Introduction: Emergency department (ED) patients with non-purulent skin and soft tissue infections (SSTIs) requiring intravenous antibiotics may be managed via outpatient parenteral antibiotic therapy (OPAT). To date, there are no prospective studies describing the performance of an ED-to-OPAT clinic program. Furthermore, there are no studies that have examined physician rationale for intravenous therapy, despite this being a critical first step in the decision to refer to an OPAT program. Methods: We conducted a prospective observational cohort study of adults (age 18 years) with non-purulent SSTIs receiving parenteral therapy at two tertiary care EDs. Patients were excluded if they had purulent infections or could not provide consent. The emergency physician completed a form documenting rationale for intravenous therapy, infection size, and choice of antimicrobial agent, dose and duration. OPAT treatment failure was defined as hospitalization after a minimum of 48 hours of OPAT for: (i) worsening infection; (ii) peripheral intravenous line complications; or (iii) adverse antibiotic events. Patient satisfaction was assessed at a 14-day telephone follow up. Results: We enrolled a consecutive sample of 153 patients (mean age 60 years, 82 male (53.6%) and 38 (24.8%) with diabetes). A total of 137 patients (89.5%) attended their clinic appointment. Of the 101 patients prescribed cefazolin, 50.5% received 1000 mg and 48.5% received 2000 mg per day. There were low rates of OPAT treatment failure (3.9%). None of the adverse peripheral intravenous line events (9.8%) or adverse antibiotic events (7.2%) required hospitalization. Patients reported a high degree of satisfaction with timeliness of clinic referral (median score 9 out of 10) and overall care received (median score of 10 out of 10). The top 5 reasons given by physicians for selecting intravenous therapy were: clinical impression of severity (52.9%); failed oral antibiotic therapy (41.8%); diabetes (17.6%); severe pain (7.8%); and peripheral vascular disease (7.8%). Conclusion: This is the first study to identify physician rationale for the use of intravenous antibiotics for SSTIs. There was significant variability in antibiotic prescribing practices by ED physicians. This prospective study demonstrates that an ED-to-OPAT clinic program for non-purulent SSTIs is safe, has a low rate of treatment failures and results in high patient satisfaction.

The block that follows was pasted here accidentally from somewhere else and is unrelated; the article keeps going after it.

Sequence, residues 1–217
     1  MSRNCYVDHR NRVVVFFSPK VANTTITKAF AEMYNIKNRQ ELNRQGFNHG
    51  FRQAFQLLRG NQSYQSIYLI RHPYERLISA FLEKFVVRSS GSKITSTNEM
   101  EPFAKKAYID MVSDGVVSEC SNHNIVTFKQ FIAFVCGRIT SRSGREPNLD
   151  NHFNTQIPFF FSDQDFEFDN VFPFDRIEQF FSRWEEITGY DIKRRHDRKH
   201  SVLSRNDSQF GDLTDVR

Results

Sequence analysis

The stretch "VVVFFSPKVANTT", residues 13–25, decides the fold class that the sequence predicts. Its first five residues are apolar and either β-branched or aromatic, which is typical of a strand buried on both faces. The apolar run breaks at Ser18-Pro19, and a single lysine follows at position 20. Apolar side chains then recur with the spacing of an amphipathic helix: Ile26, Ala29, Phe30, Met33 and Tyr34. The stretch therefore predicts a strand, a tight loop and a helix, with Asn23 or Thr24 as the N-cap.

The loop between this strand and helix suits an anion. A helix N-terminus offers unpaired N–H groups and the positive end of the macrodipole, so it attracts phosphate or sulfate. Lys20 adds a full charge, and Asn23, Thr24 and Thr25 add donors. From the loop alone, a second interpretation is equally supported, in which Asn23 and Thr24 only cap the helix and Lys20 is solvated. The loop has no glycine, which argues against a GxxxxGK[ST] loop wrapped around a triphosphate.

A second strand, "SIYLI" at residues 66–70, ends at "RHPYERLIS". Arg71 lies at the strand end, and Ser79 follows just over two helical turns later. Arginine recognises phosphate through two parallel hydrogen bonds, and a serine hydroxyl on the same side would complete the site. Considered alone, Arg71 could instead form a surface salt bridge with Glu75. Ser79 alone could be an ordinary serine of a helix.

We sought to evaluate the role healthcare providers play in carbapenem-resistant Enterobacteriaceae (CRE) acquisition among hospitalized patients.